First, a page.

IM: What a wonderfully complex question! I think that the specifics depend very much on the identity, but more broadly speaking, I think a few key things change and evolve over time that create these seeming gaps between generations: social and political contexts (by which I mean things like what is normative or accepted on the one hand, and what laws and rights have been created under whatever political system one lives in) and, alongside that, language. So, to take Maggie’s identity as an example: she uses the words gay and lesbian to describe herself but identifies most often as queer, because that word describes not only her sexual orientation but also an identification with a kind of umbrella-term (that some object to) for the LGBTQ+ community, and also, in addition to that, a kind of way of being in the world that implies a political stance. On the other hand, women of Iris’s generation might identify much more strongly with the word lesbian because of the kind of stigma it carried when they were coming of age and coming out and the political implications of identifying with it.

When I think of the various intersecting identities we all carry, I like to think of the time periods where we came into or became aware of particular aspects of our identities as well, because I think that our terminology is often bound up with it in ways that are deeply emotional and difficult to shake.

GM: Grief is another major theme. You remind your reader that there is no one way to grieve, no wikiHow on how to deal with the frenetic emotions that run through you like slides on a projector. Did you learn something new about grief while writing this book?

IM: I learned how Maggie grieved, and how Peter grieved, and Ariel and Iris as well. All of them grieve in different ways in various moments in the book. Grief, unfortunately, has been in my life for very nearly as long as I can remember myself—it’s something I feel a strange kinship with. I have for some years now only experienced it second or third-hand, via the grief of those close to me, which scares me, a little, because for a good portion of my life, grief arrived like clockwork every four or five years. Part of me, I think, wrote this book with some bizarre and totally irrational superstitious idea that it would be a delay tactic, that by writing out all this grief I’d delay it entering my life directly again. I’ve been thinking about that a lot recently, for probably obvious reasons.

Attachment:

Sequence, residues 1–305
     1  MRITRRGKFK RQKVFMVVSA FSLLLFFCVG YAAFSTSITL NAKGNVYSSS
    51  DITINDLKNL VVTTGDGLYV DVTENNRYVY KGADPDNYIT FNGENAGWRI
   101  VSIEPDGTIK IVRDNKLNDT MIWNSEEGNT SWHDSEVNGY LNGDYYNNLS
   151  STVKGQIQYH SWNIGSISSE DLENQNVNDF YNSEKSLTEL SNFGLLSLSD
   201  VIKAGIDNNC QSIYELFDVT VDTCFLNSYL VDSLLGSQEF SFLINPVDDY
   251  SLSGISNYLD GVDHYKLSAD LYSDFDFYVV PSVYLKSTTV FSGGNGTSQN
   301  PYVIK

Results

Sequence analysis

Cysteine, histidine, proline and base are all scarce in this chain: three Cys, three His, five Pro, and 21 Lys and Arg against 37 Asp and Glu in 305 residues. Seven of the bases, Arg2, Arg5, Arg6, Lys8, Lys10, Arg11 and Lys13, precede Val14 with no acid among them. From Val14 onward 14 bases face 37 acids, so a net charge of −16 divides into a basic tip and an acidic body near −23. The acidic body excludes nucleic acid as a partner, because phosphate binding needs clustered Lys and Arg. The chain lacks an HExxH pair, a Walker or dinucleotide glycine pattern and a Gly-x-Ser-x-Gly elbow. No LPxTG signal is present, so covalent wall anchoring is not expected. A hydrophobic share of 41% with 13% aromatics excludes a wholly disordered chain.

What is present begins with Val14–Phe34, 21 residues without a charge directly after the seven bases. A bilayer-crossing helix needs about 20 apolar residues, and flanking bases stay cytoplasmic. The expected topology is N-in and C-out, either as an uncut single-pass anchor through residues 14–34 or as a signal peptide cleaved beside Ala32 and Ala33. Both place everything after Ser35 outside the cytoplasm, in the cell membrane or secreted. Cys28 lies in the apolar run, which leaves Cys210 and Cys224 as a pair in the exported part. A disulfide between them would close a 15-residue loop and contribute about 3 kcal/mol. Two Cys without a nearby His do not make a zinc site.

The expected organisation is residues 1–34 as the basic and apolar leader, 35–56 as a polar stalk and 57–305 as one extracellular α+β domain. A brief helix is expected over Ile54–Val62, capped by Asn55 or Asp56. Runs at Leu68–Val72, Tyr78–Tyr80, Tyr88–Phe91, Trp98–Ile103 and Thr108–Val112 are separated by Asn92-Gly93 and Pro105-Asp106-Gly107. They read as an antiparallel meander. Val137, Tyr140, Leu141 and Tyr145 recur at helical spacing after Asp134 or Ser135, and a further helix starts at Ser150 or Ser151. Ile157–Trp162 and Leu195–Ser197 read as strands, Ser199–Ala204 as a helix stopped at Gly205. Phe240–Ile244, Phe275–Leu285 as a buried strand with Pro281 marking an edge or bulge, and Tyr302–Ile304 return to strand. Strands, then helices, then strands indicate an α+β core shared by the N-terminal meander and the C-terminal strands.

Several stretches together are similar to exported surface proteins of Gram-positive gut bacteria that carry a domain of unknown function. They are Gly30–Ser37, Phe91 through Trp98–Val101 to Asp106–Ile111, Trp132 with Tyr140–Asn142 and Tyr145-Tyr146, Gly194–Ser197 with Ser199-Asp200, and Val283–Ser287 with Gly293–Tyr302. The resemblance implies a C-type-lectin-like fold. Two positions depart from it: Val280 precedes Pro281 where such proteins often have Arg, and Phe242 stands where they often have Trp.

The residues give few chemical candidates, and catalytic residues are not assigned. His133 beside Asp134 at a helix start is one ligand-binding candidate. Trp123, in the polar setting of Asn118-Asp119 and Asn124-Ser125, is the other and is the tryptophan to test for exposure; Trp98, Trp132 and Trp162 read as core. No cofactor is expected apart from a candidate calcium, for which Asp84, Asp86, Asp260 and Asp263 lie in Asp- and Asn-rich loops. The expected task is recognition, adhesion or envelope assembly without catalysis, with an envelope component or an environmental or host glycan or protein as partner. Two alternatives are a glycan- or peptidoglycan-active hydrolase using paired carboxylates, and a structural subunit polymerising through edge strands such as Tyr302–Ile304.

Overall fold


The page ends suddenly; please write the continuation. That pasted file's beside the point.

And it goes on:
GM: Has writing this book helped you reconcile with any grief in your life? Is so, how?

IM: I don’t think so, but only because I’m not sure I conceptualize grief that way—I don’t know if it’s something I can reconcile with. If anything, I think writing the book let me admit how much grief still lives in me and just how uncomfortable it still is, and probably will be for a long time.